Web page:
Once everyone has gone around and done their stuff, the class cards you used go into either the discard pile or sometimes the lost pile depending (some powerful actions automatically are lost after they’re used), any modifier and monster action decks that have hit a card with a reshuffle symbol are reshuffled, and you loot any money or treasure chest you are standing on.
So here’s the big wrinkle: in order to get your cards back from the discard pile (without some sort of special effect, be it action or item), you have to rest. This can either be a short rest (which happens at the end of the round), or a long rest (which takes your whole turn). Also, you -must- play two cards on your turn, so if you don’t have enough to do this, you are forced to take a long rest. A short rest obviously gets you up and running faster, but if you do that, once you’ve refilled your hand from your discards, you have to turf a random card into your lost pile. And you don’t recover those at all during the scenario, barring special effects. A long rest, on the other hand, still requires you to put a card in that lost pile…but you get to pick which one. Furthermore, it heals you by 2 HP and refreshes any spent items (consumed items, like potions, are gone until the end of the scenario). The downside, of course, is missing out on a turn. Finally, if you have only one, or zero cards left in your hand -and- discard, then you’re out of the scenario, because you can no longer play two cards or rest, either one.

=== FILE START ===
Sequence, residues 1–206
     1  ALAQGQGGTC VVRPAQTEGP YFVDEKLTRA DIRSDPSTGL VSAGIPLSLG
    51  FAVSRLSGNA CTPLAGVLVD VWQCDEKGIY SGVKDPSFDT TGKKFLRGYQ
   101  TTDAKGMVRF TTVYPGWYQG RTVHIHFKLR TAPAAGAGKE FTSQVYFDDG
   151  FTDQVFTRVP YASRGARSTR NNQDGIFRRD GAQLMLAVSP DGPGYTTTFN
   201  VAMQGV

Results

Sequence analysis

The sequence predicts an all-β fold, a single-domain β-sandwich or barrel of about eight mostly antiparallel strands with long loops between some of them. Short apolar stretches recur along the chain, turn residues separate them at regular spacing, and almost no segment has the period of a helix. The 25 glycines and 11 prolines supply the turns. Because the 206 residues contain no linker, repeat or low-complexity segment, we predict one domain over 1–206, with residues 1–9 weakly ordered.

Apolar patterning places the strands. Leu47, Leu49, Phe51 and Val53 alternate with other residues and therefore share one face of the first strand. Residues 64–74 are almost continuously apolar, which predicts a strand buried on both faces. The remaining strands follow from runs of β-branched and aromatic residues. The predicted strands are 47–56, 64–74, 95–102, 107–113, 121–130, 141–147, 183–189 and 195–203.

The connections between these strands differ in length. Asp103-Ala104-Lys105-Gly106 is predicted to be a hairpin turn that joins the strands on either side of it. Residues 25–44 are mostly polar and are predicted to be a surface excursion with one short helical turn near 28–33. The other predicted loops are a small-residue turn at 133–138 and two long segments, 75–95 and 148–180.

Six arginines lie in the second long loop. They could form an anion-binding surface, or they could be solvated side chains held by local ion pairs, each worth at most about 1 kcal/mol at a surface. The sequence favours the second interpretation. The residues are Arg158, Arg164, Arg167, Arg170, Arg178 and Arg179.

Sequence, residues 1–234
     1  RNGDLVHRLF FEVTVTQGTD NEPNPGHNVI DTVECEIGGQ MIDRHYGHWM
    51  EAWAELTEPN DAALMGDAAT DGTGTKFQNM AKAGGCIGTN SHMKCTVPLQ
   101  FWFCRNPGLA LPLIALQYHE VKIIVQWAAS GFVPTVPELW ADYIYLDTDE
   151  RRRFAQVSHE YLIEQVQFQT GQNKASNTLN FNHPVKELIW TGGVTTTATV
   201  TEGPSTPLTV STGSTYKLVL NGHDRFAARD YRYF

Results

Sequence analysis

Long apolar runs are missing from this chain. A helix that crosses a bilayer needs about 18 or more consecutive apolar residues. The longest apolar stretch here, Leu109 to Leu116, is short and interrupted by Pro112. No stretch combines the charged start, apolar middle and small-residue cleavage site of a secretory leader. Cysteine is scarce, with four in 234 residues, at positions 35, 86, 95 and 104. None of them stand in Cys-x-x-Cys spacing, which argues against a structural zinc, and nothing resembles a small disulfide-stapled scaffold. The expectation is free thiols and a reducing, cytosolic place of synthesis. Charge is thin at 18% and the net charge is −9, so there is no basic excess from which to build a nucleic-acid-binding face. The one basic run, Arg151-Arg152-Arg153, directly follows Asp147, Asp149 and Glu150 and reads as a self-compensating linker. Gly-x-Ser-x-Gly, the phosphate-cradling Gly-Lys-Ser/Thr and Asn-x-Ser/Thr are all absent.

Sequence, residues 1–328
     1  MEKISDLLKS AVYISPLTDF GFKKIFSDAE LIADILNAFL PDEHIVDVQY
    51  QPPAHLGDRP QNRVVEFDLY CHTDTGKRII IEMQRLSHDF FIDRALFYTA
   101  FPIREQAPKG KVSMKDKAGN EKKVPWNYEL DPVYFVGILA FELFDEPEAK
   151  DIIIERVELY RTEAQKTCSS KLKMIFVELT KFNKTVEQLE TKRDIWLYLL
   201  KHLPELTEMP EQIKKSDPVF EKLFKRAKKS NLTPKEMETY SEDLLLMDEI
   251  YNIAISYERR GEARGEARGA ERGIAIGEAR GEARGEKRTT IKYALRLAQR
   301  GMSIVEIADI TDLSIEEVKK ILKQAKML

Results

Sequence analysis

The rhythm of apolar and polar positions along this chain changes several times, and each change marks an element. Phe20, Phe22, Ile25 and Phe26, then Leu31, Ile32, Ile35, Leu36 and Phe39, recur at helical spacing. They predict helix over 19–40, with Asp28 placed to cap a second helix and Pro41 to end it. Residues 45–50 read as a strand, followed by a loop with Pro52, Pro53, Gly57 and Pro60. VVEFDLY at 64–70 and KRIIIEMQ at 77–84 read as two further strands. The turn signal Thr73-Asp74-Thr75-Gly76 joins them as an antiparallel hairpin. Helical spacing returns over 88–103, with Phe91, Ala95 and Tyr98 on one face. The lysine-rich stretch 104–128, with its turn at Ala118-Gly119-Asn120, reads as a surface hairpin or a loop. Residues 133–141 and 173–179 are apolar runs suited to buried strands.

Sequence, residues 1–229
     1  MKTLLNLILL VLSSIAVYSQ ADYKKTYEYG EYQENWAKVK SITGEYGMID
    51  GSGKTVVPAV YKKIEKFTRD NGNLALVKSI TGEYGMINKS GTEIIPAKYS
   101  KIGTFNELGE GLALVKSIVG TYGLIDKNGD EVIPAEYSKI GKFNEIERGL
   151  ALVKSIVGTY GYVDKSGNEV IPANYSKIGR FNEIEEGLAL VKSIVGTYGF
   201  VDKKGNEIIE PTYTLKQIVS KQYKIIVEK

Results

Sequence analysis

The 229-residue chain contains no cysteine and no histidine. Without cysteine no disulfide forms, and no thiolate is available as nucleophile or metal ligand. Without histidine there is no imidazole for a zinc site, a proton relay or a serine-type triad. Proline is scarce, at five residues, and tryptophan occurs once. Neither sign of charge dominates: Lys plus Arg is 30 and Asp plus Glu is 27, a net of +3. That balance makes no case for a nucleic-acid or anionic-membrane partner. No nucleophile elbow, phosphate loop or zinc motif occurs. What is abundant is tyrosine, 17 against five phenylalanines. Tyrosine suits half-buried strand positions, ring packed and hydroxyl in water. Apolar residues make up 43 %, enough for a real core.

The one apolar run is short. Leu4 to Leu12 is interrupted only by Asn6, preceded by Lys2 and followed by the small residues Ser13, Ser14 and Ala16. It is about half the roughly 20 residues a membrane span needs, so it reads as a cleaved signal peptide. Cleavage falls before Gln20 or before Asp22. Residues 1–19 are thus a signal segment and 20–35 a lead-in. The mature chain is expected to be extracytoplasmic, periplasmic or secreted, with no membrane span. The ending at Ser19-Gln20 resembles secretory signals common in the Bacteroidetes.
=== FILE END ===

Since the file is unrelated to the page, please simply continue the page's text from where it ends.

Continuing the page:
Oh, and you can cancel an instance of damage by putting a card from your hand or two cards from your discard into your lost pile. Better than getting knocked out straight away, right?